To see what aspects are the most critical, we prioritized them using the MoSCoW method. 

When the descriptors were ready, we came up with three potential options (Solution variations) that can satisfy the Traveler’s needs. These are an airplane, a car, and public transportation. 

Now, it seems that the car is the best option because the Traveler won’t need to rent a car in LA. However, we wanted to make this example look like a real-life situation and imagined that the Traveler’s friend already has a car. 

Looking at our board in a new light, we may conclude that an Airplane is more suitable. But what if our Traveler is afraid to fly? Well, it makes things even more complicated. Let’s apply the framework recursively and define the Benefits, Risks, and Issues of each Solution variation the same way we did for the Subject. 

This decomposition allows us to see that the solution variation “Public transport” doesn’t provide any benefits. Despite its pros, the option “Airplane” can’t be considered as the Traveler is afraid to fly. The option “Car” has an issue – long and tiring ride, but it also has a list of advantages and meets most of the Traveler’s critical needs. 

You can see more BRIDGeS use cases here.

BRIDGeS advantages
BRIDGeS limitations
Allows both choosing and generating a new solution. The framework is equally great to make a choice when you have multiple options and when you need to create a brand new one.Can be biased if there’s no research in advance. When dealing with a business-related context, it's better to start with an in-depth study involving specialists from different areas to understand the accurate picture better. Otherwise, all the arguments will be based on your personal assumptions.
Implementation plan as a result of a session. Unlike any other framework, BRIDGeS allows you to create an action plan to implement the solution you’ve come up with.
Is too bulky if you have a lot of similar choices. In case you need to choose one option from many similar variants (like when you choose a TV), the BRIDGeS framework isn’t the best tool for that. All the options have very similar characteristics that would make the context even more complex and overwhelming.
Allows managing complex context. Various descriptors let you analyze the problem and solutions comprehensively from different angles.
Has a clear structure and instruction for the session. The framework has a well-structured flow that is easy to follow. There’s also a free, ready-to-use Figma template that you can use to save your time.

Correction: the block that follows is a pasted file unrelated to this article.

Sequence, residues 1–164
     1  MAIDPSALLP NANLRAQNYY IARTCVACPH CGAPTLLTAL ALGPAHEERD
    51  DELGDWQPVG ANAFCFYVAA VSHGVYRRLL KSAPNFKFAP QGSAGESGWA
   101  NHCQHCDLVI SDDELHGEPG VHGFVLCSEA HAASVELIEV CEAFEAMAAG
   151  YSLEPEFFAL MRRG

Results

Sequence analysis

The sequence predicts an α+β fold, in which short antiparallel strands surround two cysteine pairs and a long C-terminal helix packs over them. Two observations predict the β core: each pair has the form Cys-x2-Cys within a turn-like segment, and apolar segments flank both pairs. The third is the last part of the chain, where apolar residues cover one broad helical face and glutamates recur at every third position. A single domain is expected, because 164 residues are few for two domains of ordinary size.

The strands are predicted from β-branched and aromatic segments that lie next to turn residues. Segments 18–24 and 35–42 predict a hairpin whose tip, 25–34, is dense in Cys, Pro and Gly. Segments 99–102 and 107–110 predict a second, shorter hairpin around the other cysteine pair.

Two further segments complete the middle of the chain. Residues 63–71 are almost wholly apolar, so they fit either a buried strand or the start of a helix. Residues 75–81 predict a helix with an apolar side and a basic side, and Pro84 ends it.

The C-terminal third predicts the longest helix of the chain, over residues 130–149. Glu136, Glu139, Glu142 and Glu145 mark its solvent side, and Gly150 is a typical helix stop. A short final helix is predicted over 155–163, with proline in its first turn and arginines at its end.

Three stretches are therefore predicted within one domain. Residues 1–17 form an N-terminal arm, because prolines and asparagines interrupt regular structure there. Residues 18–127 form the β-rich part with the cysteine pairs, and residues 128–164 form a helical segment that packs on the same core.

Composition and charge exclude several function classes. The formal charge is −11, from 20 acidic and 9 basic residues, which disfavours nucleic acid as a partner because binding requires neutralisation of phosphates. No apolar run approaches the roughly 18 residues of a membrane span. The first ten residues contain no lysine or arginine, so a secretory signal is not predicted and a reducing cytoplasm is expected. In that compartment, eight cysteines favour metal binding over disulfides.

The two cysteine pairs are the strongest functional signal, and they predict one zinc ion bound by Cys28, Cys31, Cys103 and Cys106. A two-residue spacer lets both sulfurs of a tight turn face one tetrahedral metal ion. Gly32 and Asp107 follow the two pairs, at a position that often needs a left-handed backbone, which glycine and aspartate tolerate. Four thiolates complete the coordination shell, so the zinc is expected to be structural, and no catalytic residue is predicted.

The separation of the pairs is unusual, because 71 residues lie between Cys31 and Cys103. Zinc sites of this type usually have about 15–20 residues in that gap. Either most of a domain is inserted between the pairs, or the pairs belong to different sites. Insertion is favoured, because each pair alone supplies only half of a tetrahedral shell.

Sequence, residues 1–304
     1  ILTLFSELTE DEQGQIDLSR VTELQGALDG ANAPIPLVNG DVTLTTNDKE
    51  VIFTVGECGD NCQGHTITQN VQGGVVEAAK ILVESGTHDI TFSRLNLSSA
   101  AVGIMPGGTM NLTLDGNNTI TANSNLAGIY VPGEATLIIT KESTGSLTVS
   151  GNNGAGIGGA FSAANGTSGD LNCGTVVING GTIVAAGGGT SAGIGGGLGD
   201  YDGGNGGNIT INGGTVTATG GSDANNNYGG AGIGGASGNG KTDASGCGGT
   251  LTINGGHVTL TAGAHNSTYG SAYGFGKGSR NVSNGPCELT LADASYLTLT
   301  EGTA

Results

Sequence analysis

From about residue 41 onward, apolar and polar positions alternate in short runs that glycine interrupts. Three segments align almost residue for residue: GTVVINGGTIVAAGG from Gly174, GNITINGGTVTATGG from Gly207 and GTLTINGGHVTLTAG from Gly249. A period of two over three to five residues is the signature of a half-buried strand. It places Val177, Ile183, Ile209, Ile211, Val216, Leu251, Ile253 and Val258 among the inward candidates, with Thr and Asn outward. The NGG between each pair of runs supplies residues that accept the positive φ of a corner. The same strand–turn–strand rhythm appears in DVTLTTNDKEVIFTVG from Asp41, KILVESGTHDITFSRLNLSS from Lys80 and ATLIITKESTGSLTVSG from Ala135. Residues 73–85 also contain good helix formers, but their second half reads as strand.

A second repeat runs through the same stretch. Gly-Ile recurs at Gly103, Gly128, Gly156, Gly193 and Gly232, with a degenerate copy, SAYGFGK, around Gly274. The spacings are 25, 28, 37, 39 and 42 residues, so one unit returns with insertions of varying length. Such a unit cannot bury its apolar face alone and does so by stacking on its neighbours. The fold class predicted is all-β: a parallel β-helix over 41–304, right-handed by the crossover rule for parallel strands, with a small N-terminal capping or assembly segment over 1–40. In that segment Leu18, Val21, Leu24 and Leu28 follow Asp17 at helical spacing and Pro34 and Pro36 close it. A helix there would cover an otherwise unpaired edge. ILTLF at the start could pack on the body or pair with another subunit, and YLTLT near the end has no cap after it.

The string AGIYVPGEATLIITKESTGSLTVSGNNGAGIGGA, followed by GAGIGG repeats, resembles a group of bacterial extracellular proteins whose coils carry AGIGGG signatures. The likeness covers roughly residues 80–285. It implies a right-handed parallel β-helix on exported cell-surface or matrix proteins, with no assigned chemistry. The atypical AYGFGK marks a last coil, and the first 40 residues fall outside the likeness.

Helps investigate each option to choose the most optimal one. BRIDGeS gives you a simple yet powerful tool to examine your variants so that you can make a well-balanced decision.
Good to validate ideas before implementation. When you define all issues and potential risks of a particular solution, you can see if the option is viable, saving your time, money, and nerves.

Cynefin framework

This tool was firstly introduced by Dave Snowden, an IBM Global Services management consultant, in 1999.

When applying the Cynefin decision-making framework to a problem, the first and main step would be to sort it into one of five categories. The further decision-making is based on the category a problem was classified to. Here are the problem categories and ways to solve them:

  • Simple. These are stable situations with clear cause-and-effect relationships. Such problems are understandable to all involved, and the right answer is often self-evident. Snowden recommends solving such issues using some best practices. 
  • Complicated. Problems classified as complicated usually have a clear relationship between cause and effect but may have multiple right solutions. To solve these issues, you need to contact a domain expert. 
  • Complex. The cause of these issues is usually unclear. They are the result of unpredictable events with lots of unknowns, such as the economy, politics, weather, etc. The best way to address these challenges is to find a reversible solution that allows you to shift things around and have several backup plans, just in case.
  • Chaotic. These are the problems with unknown causes and effects which happen during sudden crises, disasters, epidemics, etc. Often, these events are accompanied by panic and chaos, so searching for the right plan would be a waste of time. The main strategy in such conditions is to react fast and plug the biggest holes to minimize damage.
  • Disorder. This is a problem that is difficult to classify into any previously mentioned category. These are usually large contexts that need to be split into smaller issues and handled one by one. 

If we consider our example, imagine a situation when you opted for a car to get to LA, and a problem appeared on the drive.

Logical approach that simplifies the decision-making process. The framework helps you classify the problem and its severity and provides a tactic to solve it in the given conditions.
There’s a risk of placing a problem in the wrong category. The solution offered by the framework could mislead you in the wrong direction if the problem was identified incorrectly.